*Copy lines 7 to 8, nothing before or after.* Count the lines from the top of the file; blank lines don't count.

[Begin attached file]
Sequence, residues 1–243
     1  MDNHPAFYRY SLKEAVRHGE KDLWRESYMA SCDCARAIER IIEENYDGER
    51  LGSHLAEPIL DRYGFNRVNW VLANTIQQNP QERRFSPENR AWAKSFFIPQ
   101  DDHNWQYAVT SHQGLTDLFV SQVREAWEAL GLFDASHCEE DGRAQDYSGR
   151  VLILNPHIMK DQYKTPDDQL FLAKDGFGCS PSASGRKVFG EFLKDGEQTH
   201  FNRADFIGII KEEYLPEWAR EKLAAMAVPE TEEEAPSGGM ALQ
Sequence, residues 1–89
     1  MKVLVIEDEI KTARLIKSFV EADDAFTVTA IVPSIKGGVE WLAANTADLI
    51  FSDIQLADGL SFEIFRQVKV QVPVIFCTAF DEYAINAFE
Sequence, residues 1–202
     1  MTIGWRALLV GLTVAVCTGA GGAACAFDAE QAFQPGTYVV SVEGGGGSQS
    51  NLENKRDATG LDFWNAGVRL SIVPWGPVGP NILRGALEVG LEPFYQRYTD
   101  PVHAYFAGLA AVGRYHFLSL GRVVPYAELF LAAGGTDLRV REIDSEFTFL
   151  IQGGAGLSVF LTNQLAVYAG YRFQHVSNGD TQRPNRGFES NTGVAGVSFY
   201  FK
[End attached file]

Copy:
Sequence, residues 1–89
     1  MKVLVIEDEI KTARLIKSFV EADDAFTVTA IVPSIKGGVE WLAANTADLI